© 2019 by Chris Soul. Proudly created with Wix.com

  • Facebook App Icon
  • Twitter App Icon
  • Blogger App Icon

Her favourite book, 'Silas Marner' is one of George Eliot's shorter novels, but one with a big heart. It is a simple tale with big themes and adorable characters. As would be expected, Eliot paints a charming picture of an old English countryside; complete with rich, poor, religious and superstitious. As a fan of Dickens, I very much enjoyed Eliot too.

Silas Marner is a simple weaver, who having been exiled from a religious community in Lantern Yarn, sets up a new, isolated life in the primitive village of Raveloe. Here his fortunes do not improve, for soon enough Marner's stash of gold, hidden under his loom in a hole in the floor, is stolen and Marner's faith in humanity is again diminished. Symbolically, however, a twist of fate pairs him with a girl of two years, who wobbles into his home unexpectedly, sporting coils of golden hair. At once Marner's gold is replaced by another kind of gold. Slowly his isolation is reversed and his standing in Raveloe becomes of greater repute.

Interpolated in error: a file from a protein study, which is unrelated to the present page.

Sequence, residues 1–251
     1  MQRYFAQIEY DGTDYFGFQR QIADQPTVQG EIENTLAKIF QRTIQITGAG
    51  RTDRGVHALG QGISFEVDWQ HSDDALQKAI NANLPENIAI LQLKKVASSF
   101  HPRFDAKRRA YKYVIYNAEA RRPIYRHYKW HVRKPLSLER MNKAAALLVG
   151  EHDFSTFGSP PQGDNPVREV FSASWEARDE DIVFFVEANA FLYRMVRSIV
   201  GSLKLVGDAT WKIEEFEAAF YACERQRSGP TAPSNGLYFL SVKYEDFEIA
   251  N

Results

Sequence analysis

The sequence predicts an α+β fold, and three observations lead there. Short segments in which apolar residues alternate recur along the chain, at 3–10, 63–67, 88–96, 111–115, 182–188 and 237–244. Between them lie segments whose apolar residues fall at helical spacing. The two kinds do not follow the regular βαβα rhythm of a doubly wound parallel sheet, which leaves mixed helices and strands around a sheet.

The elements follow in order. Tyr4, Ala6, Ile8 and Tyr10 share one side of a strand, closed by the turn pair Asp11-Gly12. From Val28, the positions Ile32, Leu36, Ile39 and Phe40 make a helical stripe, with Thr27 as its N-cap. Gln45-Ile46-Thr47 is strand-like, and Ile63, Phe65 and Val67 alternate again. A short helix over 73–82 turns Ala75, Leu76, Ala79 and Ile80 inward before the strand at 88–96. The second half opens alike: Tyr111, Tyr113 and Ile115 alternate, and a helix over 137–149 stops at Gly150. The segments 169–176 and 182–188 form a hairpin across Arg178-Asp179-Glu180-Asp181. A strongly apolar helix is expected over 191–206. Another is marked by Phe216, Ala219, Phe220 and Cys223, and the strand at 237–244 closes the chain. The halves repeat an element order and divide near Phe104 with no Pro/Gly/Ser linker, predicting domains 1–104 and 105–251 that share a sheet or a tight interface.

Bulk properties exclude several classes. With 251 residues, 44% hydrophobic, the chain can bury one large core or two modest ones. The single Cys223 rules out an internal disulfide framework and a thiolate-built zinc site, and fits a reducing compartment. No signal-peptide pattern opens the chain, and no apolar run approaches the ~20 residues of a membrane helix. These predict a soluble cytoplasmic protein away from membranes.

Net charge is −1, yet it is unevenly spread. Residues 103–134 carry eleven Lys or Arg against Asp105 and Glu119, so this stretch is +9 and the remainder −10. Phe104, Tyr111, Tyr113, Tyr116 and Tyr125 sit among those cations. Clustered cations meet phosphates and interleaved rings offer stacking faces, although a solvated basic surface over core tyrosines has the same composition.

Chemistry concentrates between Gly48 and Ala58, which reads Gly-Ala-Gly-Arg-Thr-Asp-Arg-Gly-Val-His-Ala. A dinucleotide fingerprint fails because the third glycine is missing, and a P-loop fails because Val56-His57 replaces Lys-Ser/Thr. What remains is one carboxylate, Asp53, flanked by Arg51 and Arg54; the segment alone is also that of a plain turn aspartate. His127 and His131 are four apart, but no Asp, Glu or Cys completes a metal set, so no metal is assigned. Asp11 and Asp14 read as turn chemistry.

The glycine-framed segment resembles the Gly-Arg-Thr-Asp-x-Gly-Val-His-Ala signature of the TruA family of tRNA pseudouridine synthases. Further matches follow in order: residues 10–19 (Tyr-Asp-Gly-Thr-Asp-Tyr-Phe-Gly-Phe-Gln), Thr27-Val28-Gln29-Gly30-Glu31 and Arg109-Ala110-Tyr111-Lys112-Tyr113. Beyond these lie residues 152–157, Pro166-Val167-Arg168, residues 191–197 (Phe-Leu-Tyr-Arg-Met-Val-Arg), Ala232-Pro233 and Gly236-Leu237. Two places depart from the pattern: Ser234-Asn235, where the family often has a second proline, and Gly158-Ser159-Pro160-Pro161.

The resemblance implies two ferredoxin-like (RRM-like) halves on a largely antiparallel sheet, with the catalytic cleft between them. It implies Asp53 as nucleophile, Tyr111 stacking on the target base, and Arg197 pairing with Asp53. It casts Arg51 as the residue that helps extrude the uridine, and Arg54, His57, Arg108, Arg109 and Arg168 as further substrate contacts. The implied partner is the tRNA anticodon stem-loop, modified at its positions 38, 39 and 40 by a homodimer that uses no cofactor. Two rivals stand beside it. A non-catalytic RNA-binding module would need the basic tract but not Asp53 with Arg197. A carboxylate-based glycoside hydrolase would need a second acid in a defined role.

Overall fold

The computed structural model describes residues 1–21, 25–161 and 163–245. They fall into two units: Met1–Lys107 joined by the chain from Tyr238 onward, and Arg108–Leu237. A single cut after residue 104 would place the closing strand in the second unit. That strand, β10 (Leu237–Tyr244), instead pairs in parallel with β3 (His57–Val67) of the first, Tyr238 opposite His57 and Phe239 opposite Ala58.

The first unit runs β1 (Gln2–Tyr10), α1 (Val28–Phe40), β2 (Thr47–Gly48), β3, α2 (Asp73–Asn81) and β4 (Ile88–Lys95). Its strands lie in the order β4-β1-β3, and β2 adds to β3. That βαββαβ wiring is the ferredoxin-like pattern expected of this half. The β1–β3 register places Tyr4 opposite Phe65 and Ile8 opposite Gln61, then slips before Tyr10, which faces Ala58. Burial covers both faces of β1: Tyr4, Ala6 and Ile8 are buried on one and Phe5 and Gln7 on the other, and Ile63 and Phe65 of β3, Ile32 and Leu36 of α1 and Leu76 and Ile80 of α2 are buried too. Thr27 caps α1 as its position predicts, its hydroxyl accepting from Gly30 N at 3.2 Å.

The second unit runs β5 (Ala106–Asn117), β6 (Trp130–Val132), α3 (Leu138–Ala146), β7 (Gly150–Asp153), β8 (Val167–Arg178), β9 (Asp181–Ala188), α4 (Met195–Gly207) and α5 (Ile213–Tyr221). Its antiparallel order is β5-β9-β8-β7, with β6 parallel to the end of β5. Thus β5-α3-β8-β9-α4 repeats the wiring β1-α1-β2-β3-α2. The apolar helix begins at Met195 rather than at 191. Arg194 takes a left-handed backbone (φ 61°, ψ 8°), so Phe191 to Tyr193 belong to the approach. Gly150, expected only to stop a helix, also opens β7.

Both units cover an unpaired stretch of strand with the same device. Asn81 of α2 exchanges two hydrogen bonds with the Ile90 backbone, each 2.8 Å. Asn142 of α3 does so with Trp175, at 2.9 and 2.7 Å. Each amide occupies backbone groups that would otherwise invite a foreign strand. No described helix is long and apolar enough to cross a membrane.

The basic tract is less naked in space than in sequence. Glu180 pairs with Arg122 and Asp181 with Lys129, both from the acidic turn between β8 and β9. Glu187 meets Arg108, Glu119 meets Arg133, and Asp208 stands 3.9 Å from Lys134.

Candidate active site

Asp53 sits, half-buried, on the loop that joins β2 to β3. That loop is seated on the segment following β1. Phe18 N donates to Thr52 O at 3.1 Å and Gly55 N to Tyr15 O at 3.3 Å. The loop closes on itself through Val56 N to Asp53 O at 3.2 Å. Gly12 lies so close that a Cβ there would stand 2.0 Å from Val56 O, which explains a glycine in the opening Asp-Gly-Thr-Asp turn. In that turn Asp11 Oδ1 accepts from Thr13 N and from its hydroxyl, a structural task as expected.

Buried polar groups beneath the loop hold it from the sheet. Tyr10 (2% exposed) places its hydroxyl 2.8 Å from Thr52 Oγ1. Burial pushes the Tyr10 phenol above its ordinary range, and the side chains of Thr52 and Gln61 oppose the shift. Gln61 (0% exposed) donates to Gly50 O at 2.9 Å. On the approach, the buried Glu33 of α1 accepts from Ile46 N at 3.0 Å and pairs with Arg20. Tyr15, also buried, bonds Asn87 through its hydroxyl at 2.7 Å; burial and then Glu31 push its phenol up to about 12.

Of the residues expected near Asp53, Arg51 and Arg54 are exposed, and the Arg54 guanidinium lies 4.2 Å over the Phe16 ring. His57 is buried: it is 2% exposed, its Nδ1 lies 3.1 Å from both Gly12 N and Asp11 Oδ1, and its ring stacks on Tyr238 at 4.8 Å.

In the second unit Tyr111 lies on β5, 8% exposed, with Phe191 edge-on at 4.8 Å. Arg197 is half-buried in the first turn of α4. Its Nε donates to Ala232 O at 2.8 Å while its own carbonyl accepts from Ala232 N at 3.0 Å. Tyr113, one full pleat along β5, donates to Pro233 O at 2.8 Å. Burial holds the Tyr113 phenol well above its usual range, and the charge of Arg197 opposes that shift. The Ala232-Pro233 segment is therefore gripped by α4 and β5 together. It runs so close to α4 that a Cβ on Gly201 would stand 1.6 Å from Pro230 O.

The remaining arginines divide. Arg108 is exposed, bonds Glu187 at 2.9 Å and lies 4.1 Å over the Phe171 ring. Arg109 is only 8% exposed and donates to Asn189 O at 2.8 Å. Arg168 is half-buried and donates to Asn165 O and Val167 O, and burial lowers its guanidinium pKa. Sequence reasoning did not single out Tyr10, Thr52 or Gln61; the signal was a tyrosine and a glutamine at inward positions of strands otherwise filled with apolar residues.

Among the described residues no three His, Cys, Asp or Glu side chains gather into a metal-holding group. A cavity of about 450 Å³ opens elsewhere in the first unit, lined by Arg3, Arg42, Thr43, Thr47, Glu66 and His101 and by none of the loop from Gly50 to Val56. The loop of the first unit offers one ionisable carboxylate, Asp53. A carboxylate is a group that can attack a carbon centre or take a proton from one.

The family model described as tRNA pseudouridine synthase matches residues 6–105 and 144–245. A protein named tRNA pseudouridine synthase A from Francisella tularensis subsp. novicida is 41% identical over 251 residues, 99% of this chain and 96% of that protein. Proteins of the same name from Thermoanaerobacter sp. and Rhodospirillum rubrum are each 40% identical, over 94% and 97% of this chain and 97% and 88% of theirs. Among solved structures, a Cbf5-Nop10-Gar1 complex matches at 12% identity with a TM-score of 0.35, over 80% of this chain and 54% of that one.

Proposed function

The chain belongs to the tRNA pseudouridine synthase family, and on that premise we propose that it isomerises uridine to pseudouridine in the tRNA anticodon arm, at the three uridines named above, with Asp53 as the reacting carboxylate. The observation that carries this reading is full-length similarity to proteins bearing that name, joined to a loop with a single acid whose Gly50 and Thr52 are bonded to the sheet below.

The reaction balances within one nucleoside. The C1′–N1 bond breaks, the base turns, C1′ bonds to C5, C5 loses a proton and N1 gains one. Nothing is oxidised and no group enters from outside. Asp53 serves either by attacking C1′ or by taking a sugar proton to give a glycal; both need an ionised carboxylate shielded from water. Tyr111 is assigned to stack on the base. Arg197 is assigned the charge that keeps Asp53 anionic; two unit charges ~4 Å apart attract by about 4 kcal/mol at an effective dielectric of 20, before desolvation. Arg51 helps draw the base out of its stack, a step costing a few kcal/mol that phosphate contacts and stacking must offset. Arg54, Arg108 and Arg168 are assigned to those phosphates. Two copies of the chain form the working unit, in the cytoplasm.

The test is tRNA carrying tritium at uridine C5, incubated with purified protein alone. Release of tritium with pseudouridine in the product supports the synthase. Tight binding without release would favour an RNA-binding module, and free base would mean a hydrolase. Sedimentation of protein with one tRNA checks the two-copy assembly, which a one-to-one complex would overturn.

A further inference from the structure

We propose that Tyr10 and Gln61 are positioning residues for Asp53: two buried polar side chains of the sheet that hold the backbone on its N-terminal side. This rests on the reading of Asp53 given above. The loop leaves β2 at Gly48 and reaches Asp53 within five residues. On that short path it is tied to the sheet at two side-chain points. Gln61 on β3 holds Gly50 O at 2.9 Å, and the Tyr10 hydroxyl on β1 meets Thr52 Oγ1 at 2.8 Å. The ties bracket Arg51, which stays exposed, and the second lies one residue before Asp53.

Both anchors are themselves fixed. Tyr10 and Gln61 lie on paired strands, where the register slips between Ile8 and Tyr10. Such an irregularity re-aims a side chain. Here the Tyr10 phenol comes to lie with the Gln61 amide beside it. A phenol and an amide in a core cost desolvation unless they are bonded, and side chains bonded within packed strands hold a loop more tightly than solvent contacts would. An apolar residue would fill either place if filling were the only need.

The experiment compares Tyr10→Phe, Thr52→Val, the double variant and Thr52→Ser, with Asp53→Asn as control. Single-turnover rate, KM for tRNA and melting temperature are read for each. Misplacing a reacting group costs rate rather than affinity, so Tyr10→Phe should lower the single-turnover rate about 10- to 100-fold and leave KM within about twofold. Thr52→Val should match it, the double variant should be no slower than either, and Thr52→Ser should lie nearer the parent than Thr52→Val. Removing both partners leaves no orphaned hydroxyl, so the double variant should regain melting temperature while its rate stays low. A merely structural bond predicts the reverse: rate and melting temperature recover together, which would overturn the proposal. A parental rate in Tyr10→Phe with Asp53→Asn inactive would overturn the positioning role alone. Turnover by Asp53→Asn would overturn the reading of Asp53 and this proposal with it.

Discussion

There are, of course, other elements and twists to the story, but in its essence 'Silas Marner' is like a revised folktale given 19th century context. The symbolism is obvious; Marner finds gold in the immaterial and in his unexpected love for the orphan child. The fact that his local pub is called 'The Rainbow' is tantamount to the romantic notion of finding gold at the end of one. Fairy-tale at its heart, the story, because of its realistic context, is able to explore themes that another tale couldn't. Is the child a gift from God? Is Marner's transformation inevitable or divine? Is it better that the child be raised in poverty, but with love, than in wealth and disregard? Such questions are raised, but for me the appeal of the novel is in Eliot's beautiful, though unsentimental, descriptions of the relationship between the old man and the golden child. In the end, I felt it was heartbreaking, but whereas Dickens could make more of this, Eliot is capable of a restraint which only heightens the sentiment, between the lines. In truth, I was less engaged with the chapters dealing with the wealthy families of Raveloe, though perhaps this serves only to feel more sympathy for the humble, mysterious, though ultimately lovable Silas Marner.

I am yet to read other Eliot classics, but this seems a great place to start.